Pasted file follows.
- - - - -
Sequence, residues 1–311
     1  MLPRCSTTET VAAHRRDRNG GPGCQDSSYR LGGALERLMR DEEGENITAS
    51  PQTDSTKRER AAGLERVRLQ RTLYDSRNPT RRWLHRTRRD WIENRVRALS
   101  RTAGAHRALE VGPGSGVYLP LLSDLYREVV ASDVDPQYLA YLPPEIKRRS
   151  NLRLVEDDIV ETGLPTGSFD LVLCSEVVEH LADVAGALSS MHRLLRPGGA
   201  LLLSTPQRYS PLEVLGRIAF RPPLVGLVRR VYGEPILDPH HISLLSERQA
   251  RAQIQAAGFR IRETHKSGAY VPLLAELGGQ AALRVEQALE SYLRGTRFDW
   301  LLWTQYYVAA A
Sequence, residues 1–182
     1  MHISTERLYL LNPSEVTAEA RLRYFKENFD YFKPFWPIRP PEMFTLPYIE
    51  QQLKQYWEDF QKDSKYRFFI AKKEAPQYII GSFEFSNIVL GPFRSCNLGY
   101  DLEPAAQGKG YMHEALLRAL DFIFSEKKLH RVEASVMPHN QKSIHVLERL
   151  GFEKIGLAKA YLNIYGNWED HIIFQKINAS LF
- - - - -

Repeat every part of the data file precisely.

Sequence, residues 1–311
     1  MLPRCSTTET VAAHRRDRNG GPGCQDSSYR LGGALERLMR DEEGENITAS
    51  PQTDSTKRER AAGLERVRLQ RTLYDSRNPT RRWLHRTRRD WIENRVRALS
   101  RTAGAHRALE VGPGSGVYLP LLSDLYREVV ASDVDPQYLA YLPPEIKRRS
   151  NLRLVEDDIV ETGLPTGSFD LVLCSEVVEH LADVAGALSS MHRLLRPGGA
   201  LLLSTPQRYS PLEVLGRIAF RPPLVGLVRR VYGEPILDPH HISLLSERQA
   251  RAQIQAAGFR IRETHKSGAY VPLLAELGGQ AALRVEQALE SYLRGTRFDW
   301  LLWTQYYVAA A
Sequence, residues 1–182
     1  MHISTERLYL LNPSEVTAEA RLRYFKENFD YFKPFWPIRP PEMFTLPYIE
    51  QQLKQYWEDF QKDSKYRFFI AKKEAPQYII GSFEFSNIVL GPFRSCNLGY
   101  DLEPAAQGKG YMHEALLRAL DFIFSEKKLH RVEASVMPHN QKSIHVLERL
   151  GFEKIGLAKA YLNIYGNWED HIIFQKINAS LF